Addis Ethiopia Weblog

Ethiopia's World / የኢትዮጵያ ዓለም

  • December 2009
    M T W T F S S
  • Archives

  • Categories

  • Recent Posts

Archive for December 18th, 2009

The Oscar Goes to “ARDI”

Posted by addisethiopia / አዲስ ኢትዮጵያ on December 18, 2009

Science’s breakthrough of the year: Uncovering ‘Ardi’


Every December, the editors of Science face the challenge of reviewing what Science has accomplished around the world in the past 12 months, so as to select our “breakthroughs of the year.” The task is an invigorating one, providing a powerful reminder of both the enormous scope and the continual advance of science. For this year’s selections, the range is staggering. From the discovery of pulsars created by neutron stars that are many thousands of light-years distant, to the production of a new single-atom–thick material such as graphene, the same natural laws and logic have generated new understandings over a more than 1030-fold difference in scale. And there is usually special excitement when an advance directly concerns humans, as in the discovery of an ancient ancestor or a successful application of gene therapy to cure disease.

This year’s selection for the Breakthrough of the Year is the reconstruction of the 4.4-million-year-old Ardipithecus ramidus skeleton and her environs, published in Science as a major series of 11 articles in October. This choice does not come easily, given the distaste of our editors for self-promotion. But this work changes the way we think about early human evolution, and it represents the culmination of 15 years of highly collaborative research. Remarkably, 47 scientists of diverse expertise from nine nations joined in a painstaking analysis of the 150,000 specimens of fossilized animals and plants.

The 11 Ardipithecus papers, requiring 89 pages of text plus 295 pages of supporting online material, provide an enormous amount of data for scientists around the world to reexamine. As described on p. 1598 in the current issue, some of those scientists are certain to challenge some of the findings, as further advances are built on those already published. With time, we will come to understand much more, and some current conclusions will probably be modified. This is both to be expected and hoped for: Science can only advance as a highly collaborative global endeavor, through which new knowledge improves on old knowledge based on logic and confirmable evidence.

Science’s list of the nine other groundbreaking achievements from 2009 follows.

2. Pulsars Detected by Fermi: NASA’s Fermi Gamma-Ray Space Telescope helped to identify previously unknown pulsars—highly magnetized and rapidly rotating neutron stars—and shed light onto their unique gamma-ray emissions.

3. Rapamycin: Researchers found that tinkering with a key signaling pathway produces life-extending benefits in mice—the first such result ever achieved in mammals. The discovery was particularly remarkable because the treatment did not start until the mice were middle-aged.

4. Graphene: In a string of rapid-fire advances, materials scientists probed the properties of graphene—highly conductive sheets of carbon atoms—and started fashioning the material into experimental electronic devices.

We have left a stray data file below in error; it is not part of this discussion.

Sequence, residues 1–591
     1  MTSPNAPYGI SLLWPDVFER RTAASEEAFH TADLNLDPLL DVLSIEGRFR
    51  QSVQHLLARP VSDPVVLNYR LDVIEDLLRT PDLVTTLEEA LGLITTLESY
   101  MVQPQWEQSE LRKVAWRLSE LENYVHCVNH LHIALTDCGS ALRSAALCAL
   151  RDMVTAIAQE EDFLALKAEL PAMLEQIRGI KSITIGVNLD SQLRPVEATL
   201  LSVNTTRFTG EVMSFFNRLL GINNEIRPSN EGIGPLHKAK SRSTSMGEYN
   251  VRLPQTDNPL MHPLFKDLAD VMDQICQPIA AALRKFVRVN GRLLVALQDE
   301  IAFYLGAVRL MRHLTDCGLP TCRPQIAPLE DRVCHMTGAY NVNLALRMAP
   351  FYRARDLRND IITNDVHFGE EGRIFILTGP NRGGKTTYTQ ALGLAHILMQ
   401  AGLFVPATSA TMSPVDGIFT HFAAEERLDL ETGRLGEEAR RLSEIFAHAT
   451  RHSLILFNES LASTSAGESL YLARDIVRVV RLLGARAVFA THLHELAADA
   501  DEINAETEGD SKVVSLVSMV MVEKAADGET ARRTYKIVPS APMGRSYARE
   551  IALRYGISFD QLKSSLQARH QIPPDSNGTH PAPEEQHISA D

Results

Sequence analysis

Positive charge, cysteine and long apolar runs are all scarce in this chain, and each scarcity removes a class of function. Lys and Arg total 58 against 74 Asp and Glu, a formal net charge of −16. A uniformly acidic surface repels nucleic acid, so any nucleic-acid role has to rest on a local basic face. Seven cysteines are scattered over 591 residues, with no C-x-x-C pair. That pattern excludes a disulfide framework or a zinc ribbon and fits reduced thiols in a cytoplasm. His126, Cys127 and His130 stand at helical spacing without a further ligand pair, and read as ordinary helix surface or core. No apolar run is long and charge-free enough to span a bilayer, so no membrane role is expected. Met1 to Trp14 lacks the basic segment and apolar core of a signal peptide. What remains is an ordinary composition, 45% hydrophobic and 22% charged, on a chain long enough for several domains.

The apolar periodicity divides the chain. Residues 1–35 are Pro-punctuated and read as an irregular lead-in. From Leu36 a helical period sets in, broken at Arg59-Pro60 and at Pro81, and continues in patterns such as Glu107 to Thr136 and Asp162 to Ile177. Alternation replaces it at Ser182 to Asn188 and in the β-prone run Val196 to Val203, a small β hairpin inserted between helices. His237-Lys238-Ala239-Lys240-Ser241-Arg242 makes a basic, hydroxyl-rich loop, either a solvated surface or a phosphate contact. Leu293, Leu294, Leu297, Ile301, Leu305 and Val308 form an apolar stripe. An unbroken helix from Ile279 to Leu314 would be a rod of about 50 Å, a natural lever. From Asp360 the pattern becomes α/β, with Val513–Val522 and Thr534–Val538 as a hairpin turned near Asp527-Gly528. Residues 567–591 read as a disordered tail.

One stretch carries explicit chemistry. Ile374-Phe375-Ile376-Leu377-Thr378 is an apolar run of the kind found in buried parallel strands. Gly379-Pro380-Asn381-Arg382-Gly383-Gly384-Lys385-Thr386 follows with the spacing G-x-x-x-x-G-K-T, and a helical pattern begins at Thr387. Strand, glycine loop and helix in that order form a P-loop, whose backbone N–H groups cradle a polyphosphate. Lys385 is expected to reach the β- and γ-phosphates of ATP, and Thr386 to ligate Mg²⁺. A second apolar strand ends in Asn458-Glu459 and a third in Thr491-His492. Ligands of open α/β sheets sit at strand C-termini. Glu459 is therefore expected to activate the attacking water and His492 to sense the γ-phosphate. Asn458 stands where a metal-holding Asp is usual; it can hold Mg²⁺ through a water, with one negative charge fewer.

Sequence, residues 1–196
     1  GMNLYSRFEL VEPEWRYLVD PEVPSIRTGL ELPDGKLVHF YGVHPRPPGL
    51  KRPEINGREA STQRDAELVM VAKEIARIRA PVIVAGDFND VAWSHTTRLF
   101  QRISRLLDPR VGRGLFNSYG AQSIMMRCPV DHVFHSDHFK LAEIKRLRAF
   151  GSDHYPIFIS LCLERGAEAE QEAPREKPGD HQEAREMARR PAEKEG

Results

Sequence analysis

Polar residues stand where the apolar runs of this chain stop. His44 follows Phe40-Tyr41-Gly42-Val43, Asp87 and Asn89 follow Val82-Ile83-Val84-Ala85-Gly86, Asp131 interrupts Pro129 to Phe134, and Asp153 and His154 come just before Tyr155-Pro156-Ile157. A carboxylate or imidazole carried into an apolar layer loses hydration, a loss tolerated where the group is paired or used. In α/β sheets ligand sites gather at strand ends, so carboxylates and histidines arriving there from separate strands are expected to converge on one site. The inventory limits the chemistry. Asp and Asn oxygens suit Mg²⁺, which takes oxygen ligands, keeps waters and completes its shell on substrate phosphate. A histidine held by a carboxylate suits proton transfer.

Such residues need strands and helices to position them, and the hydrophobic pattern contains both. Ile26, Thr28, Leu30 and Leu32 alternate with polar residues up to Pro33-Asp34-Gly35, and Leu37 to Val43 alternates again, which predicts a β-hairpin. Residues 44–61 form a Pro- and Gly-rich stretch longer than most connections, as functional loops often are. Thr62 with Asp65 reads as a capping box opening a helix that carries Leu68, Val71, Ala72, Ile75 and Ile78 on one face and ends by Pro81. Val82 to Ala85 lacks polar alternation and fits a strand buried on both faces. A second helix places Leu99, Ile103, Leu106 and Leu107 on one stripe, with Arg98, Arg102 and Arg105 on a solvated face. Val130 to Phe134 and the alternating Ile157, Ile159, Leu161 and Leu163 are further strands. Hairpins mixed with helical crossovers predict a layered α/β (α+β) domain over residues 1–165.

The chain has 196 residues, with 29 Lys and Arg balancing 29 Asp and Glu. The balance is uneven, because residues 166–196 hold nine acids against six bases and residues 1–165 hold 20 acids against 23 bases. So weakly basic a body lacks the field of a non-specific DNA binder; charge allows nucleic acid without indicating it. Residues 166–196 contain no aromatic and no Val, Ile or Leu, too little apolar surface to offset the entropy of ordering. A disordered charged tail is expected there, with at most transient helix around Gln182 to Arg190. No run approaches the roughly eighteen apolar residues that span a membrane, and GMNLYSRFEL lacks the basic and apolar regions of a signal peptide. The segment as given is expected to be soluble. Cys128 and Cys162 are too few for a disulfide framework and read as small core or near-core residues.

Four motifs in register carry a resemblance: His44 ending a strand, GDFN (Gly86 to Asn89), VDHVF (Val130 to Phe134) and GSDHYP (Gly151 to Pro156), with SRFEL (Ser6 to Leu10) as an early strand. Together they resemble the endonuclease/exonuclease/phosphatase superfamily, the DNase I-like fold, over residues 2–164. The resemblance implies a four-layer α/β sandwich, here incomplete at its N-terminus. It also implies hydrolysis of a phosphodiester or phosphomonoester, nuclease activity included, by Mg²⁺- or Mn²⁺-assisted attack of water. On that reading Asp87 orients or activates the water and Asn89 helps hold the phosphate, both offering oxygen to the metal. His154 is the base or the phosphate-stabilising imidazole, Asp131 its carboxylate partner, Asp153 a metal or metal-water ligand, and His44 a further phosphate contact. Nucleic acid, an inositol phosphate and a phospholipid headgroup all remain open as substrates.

5. Plant ABA Receptors: Solving the structure of a critical molecule that helps plants survive during droughts may help scientists design new ways to protect crops against prolonged dry periods, potentially improving crop yields worldwide and aiding biofuel production on marginal lands.

6. LCLS at SLAC: SLAC National Accelerator Laboratory unveiled the world’s first x-ray laser, a powerful research tool capable of taking snapshots of chemical reactions in progress, altering the electronic structures of materials, and myriad other experiments spanning a wide range of scientific fields.

7. Gene Therapy Comeback: European and U.S. researchers made progress in treating a fatal brain disease, inherited blindness, and a severe immune disorder by developing new strategies involving gene therapy.

8. Monopoles: In an experimental coup, physicists working with strange crystalline materials called spin ices created magnetic ripples that model the predicted behavior of “magnetic monopoles,” or fundamental particles with only one magnetic pole.

9. LCROSS Finds Water on the Moon: In October, sensors aboard a NASA spacecraft detected water vapor and ice in the debris from a spent rocket stage that researchers deliberately crashed near the south pole of the Moon.

10. Hubble Repair: In May, a nearly flawless final repair mission by space-shuttle astronauts gave the Hubble Space Telescope sharper vision and a new lease on life, resulting in its most spectacular images yet.


Posted in Ethiopia, Ethnicity, Genetics & Anthropology | Tagged: , , , , , | Leave a Comment »

Ethiopia’s Underground Churches a Historic Wonder

Posted by addisethiopia / አዲስ ኢትዮጵያ on December 18, 2009

Bete Giorgis Church

Ten centuries ago, King Lalibela had a vision: That his capital, Roha, in what is now northern Ethiopia, would equal Jerusalem in spiritual and architectural glory.

And thus 11 fantastic churches were hewn in the reddish-pink volcanic scoria rock, each unique in style.

Luckily Lalibela lived to be 96 years old so he saw his legacy completed. When he died in 1221, he was buried in Beta Mikael church, and Roha became known as Lalibela. And it still stands today, a landmark of sacred architecture, a World Heritage Site, and one of the wonders of Africa.

Continue reading…


Posted in Ethiopia | Tagged: , , | Leave a Comment »

%d bloggers like this: